- GAD affects 6.8 million adults, or 3.1% of the U.S. population, yet only 43.2% are receiving treatment.
- Women are twice as likely to be affected as men. GAD often co-occurs with major depression.
Panic Disorder (PD)
- PD affects 6 million adults, or 2.7% of the U.S. population.
- Women are twice as likely to be affected as men.
- SAD affects 15 million adults, or 6.8% of the U.S. population.
- SAD is equally common among men and women and typically begins around age 13. According to a 2007 ADAA survey, 36% of people with social anxiety disorder report experiencing symptoms for 10 or more years before seeking help.
- Specific phobias affect 19 million adults, or 8.7% of the U.S. population.
- Women are twice as likely to be affected as men.
- Symptoms typically begin in childhood; the average age-of-onset is 7 years old.
- Obsessive-compulsive disorder (OCD) and posttraumatic stress disorder (PTSD) are closely related to anxiety disorders, which some may experience at the same time, along with depression.
- OCD affects 2.2 million adults, or 1.0% of the U.S. population.
- OCD is equally common among men and women.
- The average age of onset is 19, with 25 percent of cases occurring by age 14. One-third of affected adults first experienced symptoms in childhood.
- PTSD affects 7.7 million adults, or 3.5% of the U.S. population.
- Women are more likely to be affected than men.
- Rape is the most likely trigger of PTSD: 65% of men and 45.9% of women who are raped will develop the disorder.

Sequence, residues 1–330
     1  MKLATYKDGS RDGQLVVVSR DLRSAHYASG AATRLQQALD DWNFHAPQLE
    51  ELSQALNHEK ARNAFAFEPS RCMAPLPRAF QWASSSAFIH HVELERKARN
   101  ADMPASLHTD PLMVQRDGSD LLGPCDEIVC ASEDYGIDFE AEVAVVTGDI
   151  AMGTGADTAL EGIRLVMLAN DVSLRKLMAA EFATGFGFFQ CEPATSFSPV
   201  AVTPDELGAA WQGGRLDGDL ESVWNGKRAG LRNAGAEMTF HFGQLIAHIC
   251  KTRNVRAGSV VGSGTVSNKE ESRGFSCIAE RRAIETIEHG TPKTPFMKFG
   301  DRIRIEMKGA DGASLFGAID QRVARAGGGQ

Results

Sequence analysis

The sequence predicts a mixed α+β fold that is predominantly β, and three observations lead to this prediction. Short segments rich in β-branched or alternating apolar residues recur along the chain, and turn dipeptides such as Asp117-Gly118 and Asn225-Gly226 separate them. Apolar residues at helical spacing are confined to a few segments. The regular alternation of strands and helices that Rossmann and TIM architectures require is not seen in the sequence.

- Childhood sexual abuse is a strong predictor of lifetime likelihood for developing PTSD.
Anxiety in the Brain: What’s Happening to me?!
You’ve all heard of the fight or flight response. This is the body’s way of protecting you from danger. When we are in fight or flight (scientifically referred to as the sympathetic nervous system is activated), your body sends all it’s resources to the functions that are important for survival such as rapid breathing, tense legs and arms, dilated pupils, higher body temperature, etc. This activated sympathetic nervous system is functional. It’s how our ancestors avoided saber tooth tiger attacks and storms before we lived in a time when there aren’t such things as “the need to survive” on a scale like there used to be.
The sympathetic nervous system was not meant to be your default mode. The opposite system in our body, or the calm-your-shit-everything-is-safe mode, is called the parasympathetic nervous system. It comes online when your mind tells you, “there’s no danger, you can relax now.”
Here’s the pickle: the modern day “danger” is not a sabertooth tiger trying to eat you, it’s that Karen told Susan your shirt is ugly. It’s that traffic is too congested to get your Starbucks and make the meeting on time. It’s that you have to empty the dishwasher and clean your bathroom before your in-laws come over for dinner. Our brains are hardwired to find the “danger” in our lives but our day-to-day stress does not need rapid breathing and fast heart rates to problem solve.
So here you are facing all the daily stress in your life and your sympathetic nervous system is like the Terminator 24/7. There’s no class in grade school aimed to show you how to activate your calm-down system and tell your mind that being stuck in traffic is not a danger. Parents do not raise us to manage our biological urge to react to our environments as “dangerous” (to no fault of their own).